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NPSTC Releases NEW Public Safety Grade Report to Guide Requirements for Mission Critical National Public Safety Broadband Network
The NPSTC Broadband Working Group (BBWG) is proud to announce the publication of Defining Public Safety Grade Systems and Facilities. The definition is of critical importance to public safety agencies and to the First Responder Network Authority (FirstNet) which has been charged with building a nationwide public safety broadband network (NPSBN).
This report defines "Public Safety Grade" (PSG) communications and provides measurable characteristics which would differentiate a mission critical communications system from a standard or commercial grade network. The report covers environmental considerations, service level agreements, reliability and resiliency, coverage, push-to-talk, applications, site hardening, installation, and operations and maintenance.
"This is a huge milestone in our quest to develop requirements for FirstNet," said Marilyn Ward, Executive Director, NPSTC. "Thanks to David Buchanan, Task Group Chair, and the numerous volunteers from public safety and industry."
The goal is for the NPSBN to be equivalent to public safety land mobile radio (LMR) systems that support law, fire, and emergency medical service (EMS) operations and are commonly referred to as "mission critical systems." Design choices must support a greater overall network reliability and resiliency to network disruptions compared to commercial networks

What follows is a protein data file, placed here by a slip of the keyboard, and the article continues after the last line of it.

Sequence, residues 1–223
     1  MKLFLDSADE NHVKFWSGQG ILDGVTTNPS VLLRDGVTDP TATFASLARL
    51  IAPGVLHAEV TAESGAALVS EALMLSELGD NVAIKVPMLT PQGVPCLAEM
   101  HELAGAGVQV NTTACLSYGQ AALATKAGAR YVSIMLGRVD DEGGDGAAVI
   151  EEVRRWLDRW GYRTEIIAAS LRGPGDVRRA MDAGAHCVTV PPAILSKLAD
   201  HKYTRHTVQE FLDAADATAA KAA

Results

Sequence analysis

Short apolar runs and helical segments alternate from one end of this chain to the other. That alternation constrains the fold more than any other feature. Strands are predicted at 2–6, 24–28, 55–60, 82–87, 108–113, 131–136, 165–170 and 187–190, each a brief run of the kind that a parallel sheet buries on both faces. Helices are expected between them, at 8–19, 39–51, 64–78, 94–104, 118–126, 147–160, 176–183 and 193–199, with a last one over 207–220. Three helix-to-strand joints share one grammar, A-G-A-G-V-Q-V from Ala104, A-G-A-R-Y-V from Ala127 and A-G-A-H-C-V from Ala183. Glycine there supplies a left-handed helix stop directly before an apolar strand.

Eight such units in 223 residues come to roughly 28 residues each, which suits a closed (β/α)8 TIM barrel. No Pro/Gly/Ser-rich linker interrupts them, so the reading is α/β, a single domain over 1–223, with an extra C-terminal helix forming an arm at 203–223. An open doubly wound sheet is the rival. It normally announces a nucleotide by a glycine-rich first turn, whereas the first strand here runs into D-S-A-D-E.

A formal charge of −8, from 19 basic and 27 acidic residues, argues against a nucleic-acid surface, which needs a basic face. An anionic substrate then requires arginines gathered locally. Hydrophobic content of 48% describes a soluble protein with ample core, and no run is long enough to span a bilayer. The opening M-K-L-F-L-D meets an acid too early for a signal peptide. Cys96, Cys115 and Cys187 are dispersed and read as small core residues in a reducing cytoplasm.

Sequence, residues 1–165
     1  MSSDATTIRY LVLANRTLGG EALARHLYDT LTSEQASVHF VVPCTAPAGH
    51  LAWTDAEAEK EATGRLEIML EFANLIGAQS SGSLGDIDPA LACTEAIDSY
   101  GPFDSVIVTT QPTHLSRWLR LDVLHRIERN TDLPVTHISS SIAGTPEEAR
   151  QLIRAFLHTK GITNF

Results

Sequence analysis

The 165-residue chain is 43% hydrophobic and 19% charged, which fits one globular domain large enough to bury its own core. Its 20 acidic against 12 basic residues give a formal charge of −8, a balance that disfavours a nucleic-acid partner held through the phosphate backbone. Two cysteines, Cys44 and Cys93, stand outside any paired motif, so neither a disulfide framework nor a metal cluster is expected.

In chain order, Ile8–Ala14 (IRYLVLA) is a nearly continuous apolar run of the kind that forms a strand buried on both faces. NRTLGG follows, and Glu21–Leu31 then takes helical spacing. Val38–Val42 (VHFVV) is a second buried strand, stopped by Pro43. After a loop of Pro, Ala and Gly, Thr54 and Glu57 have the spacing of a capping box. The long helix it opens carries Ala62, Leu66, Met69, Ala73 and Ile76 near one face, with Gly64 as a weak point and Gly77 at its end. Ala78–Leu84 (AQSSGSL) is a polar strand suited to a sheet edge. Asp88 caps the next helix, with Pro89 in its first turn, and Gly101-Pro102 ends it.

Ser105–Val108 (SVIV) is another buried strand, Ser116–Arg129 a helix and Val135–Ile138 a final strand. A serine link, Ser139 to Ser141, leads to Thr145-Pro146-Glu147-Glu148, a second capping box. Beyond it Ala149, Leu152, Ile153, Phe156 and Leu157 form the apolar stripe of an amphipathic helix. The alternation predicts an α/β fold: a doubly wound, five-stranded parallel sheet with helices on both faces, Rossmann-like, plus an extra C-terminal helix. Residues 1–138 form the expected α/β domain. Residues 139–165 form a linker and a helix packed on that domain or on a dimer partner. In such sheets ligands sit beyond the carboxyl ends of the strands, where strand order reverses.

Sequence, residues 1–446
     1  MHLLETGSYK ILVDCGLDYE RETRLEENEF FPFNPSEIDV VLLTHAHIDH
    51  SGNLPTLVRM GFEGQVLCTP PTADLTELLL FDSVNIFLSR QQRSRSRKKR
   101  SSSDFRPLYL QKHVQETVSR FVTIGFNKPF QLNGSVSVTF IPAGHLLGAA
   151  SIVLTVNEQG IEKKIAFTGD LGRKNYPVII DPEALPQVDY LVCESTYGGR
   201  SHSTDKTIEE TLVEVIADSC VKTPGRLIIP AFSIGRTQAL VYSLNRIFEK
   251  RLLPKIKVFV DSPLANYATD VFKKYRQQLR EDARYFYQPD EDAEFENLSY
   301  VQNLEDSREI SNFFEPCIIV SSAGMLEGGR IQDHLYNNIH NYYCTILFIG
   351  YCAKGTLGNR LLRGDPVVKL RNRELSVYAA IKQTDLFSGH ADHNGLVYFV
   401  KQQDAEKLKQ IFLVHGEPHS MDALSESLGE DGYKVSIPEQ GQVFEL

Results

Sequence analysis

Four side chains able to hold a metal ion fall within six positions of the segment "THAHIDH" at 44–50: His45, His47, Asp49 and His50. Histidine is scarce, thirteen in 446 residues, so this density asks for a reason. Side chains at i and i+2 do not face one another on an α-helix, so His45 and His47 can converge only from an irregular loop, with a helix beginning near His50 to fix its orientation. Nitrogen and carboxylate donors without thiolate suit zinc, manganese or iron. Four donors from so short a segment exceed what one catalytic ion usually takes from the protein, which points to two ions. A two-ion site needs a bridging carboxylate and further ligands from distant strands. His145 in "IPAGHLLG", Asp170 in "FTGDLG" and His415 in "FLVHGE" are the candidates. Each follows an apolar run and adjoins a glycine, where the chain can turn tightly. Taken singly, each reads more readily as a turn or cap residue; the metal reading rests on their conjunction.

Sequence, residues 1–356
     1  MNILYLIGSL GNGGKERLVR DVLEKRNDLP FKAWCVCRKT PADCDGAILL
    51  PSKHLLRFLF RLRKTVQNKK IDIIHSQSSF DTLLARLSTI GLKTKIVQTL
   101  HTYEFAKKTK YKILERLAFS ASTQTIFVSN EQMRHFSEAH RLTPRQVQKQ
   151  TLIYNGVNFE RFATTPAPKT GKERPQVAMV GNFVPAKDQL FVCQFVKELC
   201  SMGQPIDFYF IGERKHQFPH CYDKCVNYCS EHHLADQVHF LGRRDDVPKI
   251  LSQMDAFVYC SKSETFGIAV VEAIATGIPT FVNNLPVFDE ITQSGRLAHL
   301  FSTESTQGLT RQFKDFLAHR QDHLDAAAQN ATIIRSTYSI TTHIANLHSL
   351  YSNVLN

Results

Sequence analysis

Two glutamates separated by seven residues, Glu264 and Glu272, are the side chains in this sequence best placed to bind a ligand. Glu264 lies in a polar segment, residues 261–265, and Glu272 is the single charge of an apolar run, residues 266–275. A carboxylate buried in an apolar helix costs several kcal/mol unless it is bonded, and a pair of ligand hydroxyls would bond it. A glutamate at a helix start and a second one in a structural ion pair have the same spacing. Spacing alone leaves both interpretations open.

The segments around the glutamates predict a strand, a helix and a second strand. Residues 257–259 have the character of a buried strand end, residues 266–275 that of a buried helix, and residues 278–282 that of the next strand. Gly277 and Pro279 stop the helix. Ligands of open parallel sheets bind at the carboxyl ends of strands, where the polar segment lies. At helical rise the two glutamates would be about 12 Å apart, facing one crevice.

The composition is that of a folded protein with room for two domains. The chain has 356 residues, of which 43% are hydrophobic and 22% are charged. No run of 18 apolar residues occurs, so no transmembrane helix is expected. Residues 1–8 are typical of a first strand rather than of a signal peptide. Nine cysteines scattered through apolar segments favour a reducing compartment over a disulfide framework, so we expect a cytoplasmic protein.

Reliability is achieved in public safety LMR systems through equipment redundancy and minimizing single points of failures. Resiliency is achieved through careful network design, taking into consideration a variety of local environmental factors and how events such as earthquakes, wild land fires, hurricanes, floods, lightning, ice, tornadoes, and even vermin can disrupt or damage the NPSBN network.
Communications are vital to both public safety field and command personnel during routine, local incidents and even more so during major incidents covering a larger area. Public safety voice LMR networks today are among the most reliable networks available in the United States. Today's commercial wireless networks are not built to the same standard. The NPSBN must be constructed to meet as many of these PSG requirements as possible. And, since network and cell site sharing with commercial operators may be part of the NPSBN design, those commercial sites which also house NPSBN equipment must be upgraded to meet as many of these requirements as possible. The NPSBN must be relied upon and trusted by the public safety community. It must be a Public Safety Grade network, not a commercial "best effort" network. Emergency responders and their commanders depend upon communications systems to be fully functional at all times and under all circumstances. In order to be successfully adopted by the public safety community, the NPSBN cannot be anything less.
Click HERE to download the Report in PDF format.
- People, Places & Things/9-1-1magazine.com (via NPSTC, 5/22/14)